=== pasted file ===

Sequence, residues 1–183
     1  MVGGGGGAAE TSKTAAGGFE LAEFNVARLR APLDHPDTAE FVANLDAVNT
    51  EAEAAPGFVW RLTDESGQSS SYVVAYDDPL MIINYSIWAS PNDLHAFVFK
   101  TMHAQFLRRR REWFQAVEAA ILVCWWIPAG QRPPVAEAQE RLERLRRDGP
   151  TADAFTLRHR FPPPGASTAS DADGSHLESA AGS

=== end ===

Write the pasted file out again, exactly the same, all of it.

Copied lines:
Sequence, residues 1–183
     1  MVGGGGGAAE TSKTAAGGFE LAEFNVARLR APLDHPDTAE FVANLDAVNT
    51  EAEAAPGFVW RLTDESGQSS SYVVAYDDPL MIINYSIWAS PNDLHAFVFK
   101  TMHAQFLRRR REWFQAVEAA ILVCWWIPAG QRPPVAEAQE RLERLRRDGP
   151  TADAFTLRHR FPPPGASTAS DADGSHLESA AGS